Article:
The new snow over the last few days came in initially dense, and later lightened up. The denser snow created soft storm slabs that are not bonding well to the old snow surface that developed into a crust, and more pronounced and slicker on aspects that are tilted towards the Sun. Northern aspects stayed a little cooler during last weeks warm up and developed a less stout/thick crust and showed better signs of bonding. Adding almost a foot of new snow today, we could likely see some avalanches go naturally. Human triggered avalanches will be possible, especially on steep solar effected aspects. Avoid steep terrain that is exposed,above cliff bands, terrain traps, or slopes that come to an abrupt end in trees or rocks, and use good, cautious travel protocols today.
Several persistent weak layers exist in the snowpack, which are mostly graupel and crust combinations. A thin ice layer with large facet formation has been found around 12 to 18 inches from the snow surface. A separate layer that formed in early February is still lingering 3 feet below the surface. Varying levels of stability have been observed in these layers across the zone. Typically these layers will be difficult to trigger and have demonstrated increased stability with warmer temperatures and recent rains. However, if you trigger this layer avalanches may propagate significant distances across the slope and could result in avalanches large enough to bury a person.
Yesterday, we toured multiple aspects near Black Tip and Squaw Meadows and observed a prominent crust under 6-10 inches of new snow. On solar influenced aspects, the new snow had not bonded well and was easily pushed off of the crust with a ski cut, and in mid turn. The upper part of the new snow was very light , and produced minor sluffing on slopes steeper that 35 degrees. Test pits produced moderate compression and easier shear scores, and revealed the slabbier new storm snow to be resting on yet another well preserved graupel layer. Northern aspects stayed a little cooler and the crust did not develop quite as much, and seemed to bond the new snow better overall. The sun came out briefly, but long enough to produce some shallow point releases near steep Southern rock outcrops.
|0600 temperature:||17 deg. F.|
|Max. temperature in the last 24 hours:||26 deg. F.|
|Average wind direction during the last 24 hours:||Southwest|
|Average wind speed during the last 24 hours:||7 mph|
|Maximum wind gust in the last 24 hours:||15 mph|
|New snowfall in the last 24 hours:||1 inches|
|Total snow depth:||65 inches|
.SHORT TERM...Today through Sunday...Band of precipitation near a
surface trough extends NW-SE across southern Idaho early this
morning. The band will shift to the northeast with snow ending
across south-central Idaho from the Western Magic Valley to the
ID/NV border in a couple hours. A Winter Weather Advisory is in
effect for areas along the ID/NV border, which will be cancelled
once the band of snow lifts north. The snow will continue in the
Boise/West Central Mountains today where a Winter Weather Advisory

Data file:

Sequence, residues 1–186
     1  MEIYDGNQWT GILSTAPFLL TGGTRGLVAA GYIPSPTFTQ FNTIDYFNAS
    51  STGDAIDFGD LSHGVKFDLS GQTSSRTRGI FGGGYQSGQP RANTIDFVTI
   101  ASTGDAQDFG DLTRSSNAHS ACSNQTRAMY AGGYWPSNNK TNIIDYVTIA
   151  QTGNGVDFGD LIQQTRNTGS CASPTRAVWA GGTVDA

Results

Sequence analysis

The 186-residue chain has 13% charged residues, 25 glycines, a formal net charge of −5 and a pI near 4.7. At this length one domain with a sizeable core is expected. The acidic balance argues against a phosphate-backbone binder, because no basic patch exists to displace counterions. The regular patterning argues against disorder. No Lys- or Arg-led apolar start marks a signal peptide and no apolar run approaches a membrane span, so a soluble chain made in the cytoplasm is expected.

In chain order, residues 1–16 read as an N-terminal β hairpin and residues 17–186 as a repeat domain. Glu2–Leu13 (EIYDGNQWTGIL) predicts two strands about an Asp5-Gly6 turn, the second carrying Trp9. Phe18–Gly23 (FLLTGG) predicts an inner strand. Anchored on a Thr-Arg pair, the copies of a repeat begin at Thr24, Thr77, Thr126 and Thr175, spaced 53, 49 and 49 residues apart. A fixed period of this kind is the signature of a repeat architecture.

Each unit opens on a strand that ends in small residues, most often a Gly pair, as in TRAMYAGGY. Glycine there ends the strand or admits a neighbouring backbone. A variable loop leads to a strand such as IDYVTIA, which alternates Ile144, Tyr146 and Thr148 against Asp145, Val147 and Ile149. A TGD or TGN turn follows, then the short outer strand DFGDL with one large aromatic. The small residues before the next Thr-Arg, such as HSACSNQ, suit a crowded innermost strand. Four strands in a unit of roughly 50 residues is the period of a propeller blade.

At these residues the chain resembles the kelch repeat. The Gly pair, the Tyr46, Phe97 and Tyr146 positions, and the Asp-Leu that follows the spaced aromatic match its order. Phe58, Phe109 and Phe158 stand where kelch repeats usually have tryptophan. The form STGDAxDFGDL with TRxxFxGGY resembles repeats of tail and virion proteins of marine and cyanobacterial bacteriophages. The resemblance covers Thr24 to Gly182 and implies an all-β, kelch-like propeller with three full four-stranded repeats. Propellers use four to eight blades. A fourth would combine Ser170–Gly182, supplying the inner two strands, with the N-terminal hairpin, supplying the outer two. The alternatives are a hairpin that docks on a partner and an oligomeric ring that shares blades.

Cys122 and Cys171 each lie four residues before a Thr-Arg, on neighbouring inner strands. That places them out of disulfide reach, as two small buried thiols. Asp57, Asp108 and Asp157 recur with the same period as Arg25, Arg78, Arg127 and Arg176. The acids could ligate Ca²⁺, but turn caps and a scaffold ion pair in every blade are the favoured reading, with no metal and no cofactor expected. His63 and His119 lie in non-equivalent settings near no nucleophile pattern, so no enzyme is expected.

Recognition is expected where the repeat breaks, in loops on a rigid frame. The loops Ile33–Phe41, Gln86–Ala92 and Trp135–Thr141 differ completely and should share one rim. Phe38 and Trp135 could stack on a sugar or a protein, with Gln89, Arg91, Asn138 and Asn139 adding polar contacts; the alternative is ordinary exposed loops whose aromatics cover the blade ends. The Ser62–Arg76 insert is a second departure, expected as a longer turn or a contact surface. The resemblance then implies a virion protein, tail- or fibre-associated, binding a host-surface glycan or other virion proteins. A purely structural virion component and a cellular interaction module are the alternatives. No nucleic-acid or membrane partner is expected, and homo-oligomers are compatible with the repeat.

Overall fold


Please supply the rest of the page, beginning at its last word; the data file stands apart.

is also in effect. The upper low centered in Oregon will continue
to move eastward, reaching southwest Idaho this afternoon.
Showers and isolated afternoon thunderstorms will accompany the
upper low. A cold front will move in behind the low tonight
through Sunday morning. Another round of snow showers is expected
along the front, mixing with rain in the lower valleys. Snow
accumulations will be light, except enhanced amounts are expected
in the higher elevations of southwest Idaho. A Winter Weather
Advisory will remain in effect for the Owyhees and Southwest
Idaho Highlands tonight through Sunday morning, along with the
Boise/West Central Mountains. Drier conditions will arrive behind
the front on Sunday. Temperatures will remain below normal through
.LONG TERM...Sunday night through Saturday...An upper level
trough swings in from off the Oregon coastline at the beginning of
the period bringing a slight chance of showers for our northern
zones. By Wednesday a much deeper upper level trough sitting off
the California coastline starts to impact our area. We remain in
the warm sector through early Friday morning which means
widespread precipitation. Snow levels climb up to near 6000 feet
MSL for much of the area so snowfall limited for the highest peaks
only. The cold front is still on track to push through Friday
morning dropping snow levels back down to valley floors. Models
diverge after the main frontal band moves through leaving low
confidence in the forecast to start the weekend.
.AVIATION...Mostly VFR. Showers pushing from the NV/ID border
will continue through early morning. Increased shower activity
Saturday afternoon with chances of thunderstorm activity. MVFR/IFR
within snow showers/heavier rain showers. Surface winds: SE
Oregon, west-northwest 10-20kts. SW Idaho, south-southwest
10-20kts. Winds aloft to 10k feet MSL: SE Oregon, northwest
30-40kts. SW Idaho, southwest 20-35kts.
This avalanche advisory is provided through a partnership between the Payette National Forest and the Payette Avalanche Center. This advisory covers the West Central Mountains between Hard Butte on the north and Council Mountain on the south. This advisory applies only to backcountry areas outside established ski area boundaries. This advisory describes general avalanche conditions and local variations always occur. This advisory expires at midnight on the posted day unless otherwise noted. The information in this advisory is provided by the USDA Forest Service who is solely responsible for its content.